With Ward, Sharks Add Grit To Roster, Character To Locker Room
SAN JOSE — One by one, San Jose Sharks general manager Doug Wilson is knocking items off of his summer wish list: a No. 1 goalie, a defenseman to complement Brent Burns and a hard-nosed veteran forward.
All three acquisitions — Martin Jones, Paul Martin and Joel Ward — share a common thread: they’re guys who will help shift the culture in the Sharks locker room.
“We had a specific order,” Wilson said. “We wanted to get the top-end goalie. We wanted to get a top-four Dman that would compliment Brent Burns and, hopefully, find a forward like this.”
The Sharks completed a busy week on Friday, signing the 34-year-old Ward to a three-year contract worth $9.825 million. The signing comes on the heels of Martin’s acquisition on Wednesday, the team’s trade for Jones on Tuesday and the addition of 10 players at the 2015 NHL Draft last weekend.
In addition to his grit, toughness and puck-possession style of game, the Sharks brought in Ward because of the character he’ll bring to a locker room that’s trying to undergo a culture change after missing the Stanley Cup playoffs first the first time in more than a decade last season.
As the Sharks prepare to hand the keys over to a young crop of players, they’re looking for guys who are known for their leadership on and off the ice, so that the next generation is receiving quality mentorship.
“All the players that we’ve added have those qualities,” Wilson said, referring to locker room character. “It goes back to Ben Smith, when we brought Ben in, Ben is that. Brenden Dillon is certainly that way; Martin Jones, Paul Martin, Joel Ward all have those characteristics, so there’s no doubt that we were looking for that type of person, that type of teammate.”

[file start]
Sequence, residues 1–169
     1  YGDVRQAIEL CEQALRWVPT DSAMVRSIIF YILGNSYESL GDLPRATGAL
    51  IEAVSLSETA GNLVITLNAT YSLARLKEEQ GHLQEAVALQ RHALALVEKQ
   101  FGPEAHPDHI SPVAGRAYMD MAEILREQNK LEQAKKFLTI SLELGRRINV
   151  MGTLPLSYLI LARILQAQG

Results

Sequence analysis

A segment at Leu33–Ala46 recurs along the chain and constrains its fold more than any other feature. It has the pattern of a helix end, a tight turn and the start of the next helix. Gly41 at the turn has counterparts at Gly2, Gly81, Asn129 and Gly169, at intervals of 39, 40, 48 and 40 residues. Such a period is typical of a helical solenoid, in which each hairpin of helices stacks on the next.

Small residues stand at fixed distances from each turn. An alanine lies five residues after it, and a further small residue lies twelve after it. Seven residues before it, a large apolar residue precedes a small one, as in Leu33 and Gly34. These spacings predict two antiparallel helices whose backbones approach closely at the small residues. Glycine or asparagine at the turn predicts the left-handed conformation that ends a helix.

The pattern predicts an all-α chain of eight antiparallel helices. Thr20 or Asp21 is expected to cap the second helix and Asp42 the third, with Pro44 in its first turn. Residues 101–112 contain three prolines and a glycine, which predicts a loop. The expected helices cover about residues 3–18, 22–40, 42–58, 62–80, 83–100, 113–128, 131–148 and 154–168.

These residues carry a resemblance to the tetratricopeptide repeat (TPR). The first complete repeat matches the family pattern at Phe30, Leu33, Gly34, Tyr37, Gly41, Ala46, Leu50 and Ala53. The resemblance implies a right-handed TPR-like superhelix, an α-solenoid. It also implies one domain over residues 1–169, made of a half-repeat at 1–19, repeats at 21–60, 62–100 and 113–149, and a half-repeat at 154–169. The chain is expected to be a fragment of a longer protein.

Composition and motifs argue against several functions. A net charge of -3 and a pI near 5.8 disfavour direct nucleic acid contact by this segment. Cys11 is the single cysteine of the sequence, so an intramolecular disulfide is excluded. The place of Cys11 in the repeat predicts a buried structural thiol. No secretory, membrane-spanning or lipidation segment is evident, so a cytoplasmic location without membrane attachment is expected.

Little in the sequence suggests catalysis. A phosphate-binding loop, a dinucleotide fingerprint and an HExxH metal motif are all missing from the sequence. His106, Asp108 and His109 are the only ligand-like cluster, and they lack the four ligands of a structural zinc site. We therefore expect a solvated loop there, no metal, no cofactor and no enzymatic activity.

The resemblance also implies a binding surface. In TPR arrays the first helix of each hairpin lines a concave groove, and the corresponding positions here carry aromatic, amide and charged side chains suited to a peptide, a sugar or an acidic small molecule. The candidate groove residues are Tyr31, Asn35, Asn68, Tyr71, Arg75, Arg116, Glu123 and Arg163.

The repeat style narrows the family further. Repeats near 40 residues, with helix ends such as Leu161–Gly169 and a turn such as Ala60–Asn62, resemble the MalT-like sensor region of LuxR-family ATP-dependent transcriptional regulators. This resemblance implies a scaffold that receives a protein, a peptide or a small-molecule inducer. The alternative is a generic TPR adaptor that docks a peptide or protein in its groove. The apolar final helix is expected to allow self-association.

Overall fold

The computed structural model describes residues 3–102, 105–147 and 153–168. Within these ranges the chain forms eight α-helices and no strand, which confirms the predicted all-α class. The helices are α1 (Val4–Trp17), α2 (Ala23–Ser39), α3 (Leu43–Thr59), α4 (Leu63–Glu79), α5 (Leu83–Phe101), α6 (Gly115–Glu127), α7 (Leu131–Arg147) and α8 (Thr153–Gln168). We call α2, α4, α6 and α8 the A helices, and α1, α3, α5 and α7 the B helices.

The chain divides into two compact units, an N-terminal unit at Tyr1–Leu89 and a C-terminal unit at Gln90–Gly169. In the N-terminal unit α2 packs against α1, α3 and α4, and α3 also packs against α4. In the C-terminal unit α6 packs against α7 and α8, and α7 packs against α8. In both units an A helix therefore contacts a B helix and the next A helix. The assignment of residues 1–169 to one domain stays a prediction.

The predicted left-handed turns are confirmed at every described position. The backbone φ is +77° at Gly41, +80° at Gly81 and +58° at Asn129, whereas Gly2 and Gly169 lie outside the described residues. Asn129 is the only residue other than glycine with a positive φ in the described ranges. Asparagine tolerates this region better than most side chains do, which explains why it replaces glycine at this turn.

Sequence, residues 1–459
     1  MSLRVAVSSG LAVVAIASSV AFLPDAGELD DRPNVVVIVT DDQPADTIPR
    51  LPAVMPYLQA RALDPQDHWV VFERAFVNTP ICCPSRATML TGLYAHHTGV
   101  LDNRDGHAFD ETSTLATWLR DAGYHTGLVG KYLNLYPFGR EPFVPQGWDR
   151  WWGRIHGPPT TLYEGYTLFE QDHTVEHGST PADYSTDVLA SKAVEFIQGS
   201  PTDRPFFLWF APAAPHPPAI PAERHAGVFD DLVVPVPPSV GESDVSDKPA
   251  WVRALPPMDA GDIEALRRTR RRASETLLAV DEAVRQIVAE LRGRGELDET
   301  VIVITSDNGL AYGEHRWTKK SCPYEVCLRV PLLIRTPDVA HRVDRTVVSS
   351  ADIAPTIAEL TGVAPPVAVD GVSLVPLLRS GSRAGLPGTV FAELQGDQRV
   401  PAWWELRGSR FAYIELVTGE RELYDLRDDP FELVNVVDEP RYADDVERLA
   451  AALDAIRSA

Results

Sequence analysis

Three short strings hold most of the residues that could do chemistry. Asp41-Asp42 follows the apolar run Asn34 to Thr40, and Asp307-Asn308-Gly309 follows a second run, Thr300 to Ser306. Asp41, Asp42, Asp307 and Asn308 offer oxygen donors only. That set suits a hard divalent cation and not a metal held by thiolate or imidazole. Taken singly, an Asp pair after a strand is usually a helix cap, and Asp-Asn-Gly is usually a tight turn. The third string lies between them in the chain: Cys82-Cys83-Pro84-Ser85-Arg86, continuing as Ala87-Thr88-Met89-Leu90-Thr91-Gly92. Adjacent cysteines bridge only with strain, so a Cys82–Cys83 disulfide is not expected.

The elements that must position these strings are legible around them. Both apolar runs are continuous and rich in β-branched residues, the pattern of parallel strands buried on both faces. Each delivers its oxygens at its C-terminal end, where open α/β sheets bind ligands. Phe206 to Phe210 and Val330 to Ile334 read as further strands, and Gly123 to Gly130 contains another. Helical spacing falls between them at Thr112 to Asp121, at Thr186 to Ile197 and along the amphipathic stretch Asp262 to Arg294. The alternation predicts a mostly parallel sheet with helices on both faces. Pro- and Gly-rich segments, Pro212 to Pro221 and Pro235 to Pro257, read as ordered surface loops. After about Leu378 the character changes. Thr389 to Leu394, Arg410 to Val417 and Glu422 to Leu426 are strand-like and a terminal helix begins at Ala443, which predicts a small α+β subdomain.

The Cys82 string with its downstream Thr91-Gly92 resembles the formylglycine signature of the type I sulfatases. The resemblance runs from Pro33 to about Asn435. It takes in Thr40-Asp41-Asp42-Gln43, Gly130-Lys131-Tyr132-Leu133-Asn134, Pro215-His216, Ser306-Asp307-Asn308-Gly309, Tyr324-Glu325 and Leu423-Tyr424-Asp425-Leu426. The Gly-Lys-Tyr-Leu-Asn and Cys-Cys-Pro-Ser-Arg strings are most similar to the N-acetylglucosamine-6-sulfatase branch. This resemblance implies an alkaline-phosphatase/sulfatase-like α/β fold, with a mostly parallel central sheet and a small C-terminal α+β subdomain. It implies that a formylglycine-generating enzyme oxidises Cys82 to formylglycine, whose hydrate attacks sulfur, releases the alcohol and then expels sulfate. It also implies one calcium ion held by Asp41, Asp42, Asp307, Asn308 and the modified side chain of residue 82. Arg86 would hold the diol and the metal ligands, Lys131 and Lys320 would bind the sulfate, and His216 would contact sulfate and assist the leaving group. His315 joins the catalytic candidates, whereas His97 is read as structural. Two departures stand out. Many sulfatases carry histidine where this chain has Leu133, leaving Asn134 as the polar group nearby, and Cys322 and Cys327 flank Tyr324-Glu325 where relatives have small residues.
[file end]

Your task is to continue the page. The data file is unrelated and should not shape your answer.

Head coach Peter DeBoer praised Ward’s character, too, saying he admires the perseverance it required to get to the NHL. After playing Canadian junior hockey with the Owen Sound Platers (1997-2001), Ward was not drafted into the league. Instead, he went to college and joined the hockey team at the University of Prince Edward Island (2001-2005).
After college, Ward landed a contract with the AHL’s Houston Aeros (2005), where he played for two seasons before getting called up to the Minnesota Wild during the 2006-07 season, making his NHL debut at the ripe age of 26.
“I have a lot of time for people like that,” DeBoer said.
But Ward will be bringing more than just a good attitude to the Sharks. Listed at 6-foot-1, 220 pounds, he plays a heavy-physical game, which should be a fine complement to Tommy Wingels’ hard-edged style of play on the Sharks’ third line.
Ward collected 34 points (19g, 15a) in 82 games with the Washington Capitals last year after posting a career-high 49 points (24g, 25a) during the 2013-14 season.
DeBoer, who coached Ward as an assistant for Team Canada at the 2014 World Championships, called the veteran forward, a “jack-of-all-trades”, who will be a good fit for his system.
“He can play on your first line, he can play on your third line. He can kill penalties, he can play on the power play,” DeBoer said. “What I like best about him is that he plays a man’s game: he goes to the blue paint, he scores in the dirty areas, where the goals come at the toughest time of year.”
Ward was intrigued when the Sharks’ new coach reached out to him over the phone. He also thinks that he’s a good match for DeBoer’s system.
“I take pride in my own zone. I play a defensive style but with an offensive upside,” Ward said. “I try to make plays off the wall. I think my wall play helps out a little bit — just getting pucks out. And I just try and create space for my linemates.”
While Ward was brought in to be a leader for the young guys, he isn’t the type of player who’s going to fire up the room with an inspired speech. Instead, he leads by example.
“The key for me is just to be myself,” Ward said, adding: “I’m not a big ‘ra ra’ guy, but I’ll speak definitely when I have to and, I think, the main thing is just showing it on the ice.”
In addition to being a good fit for DeBoer’s system, Ward said he joined the Sharks because he just really enjoys the city of San Jose.
“I love the Shark Tank, coming in there, it’s always a good environment,” he said. “There’s a lot of great things about it and, obviously, the city itself and where we stayed in Santana Row. I was always excited for that road trip.”
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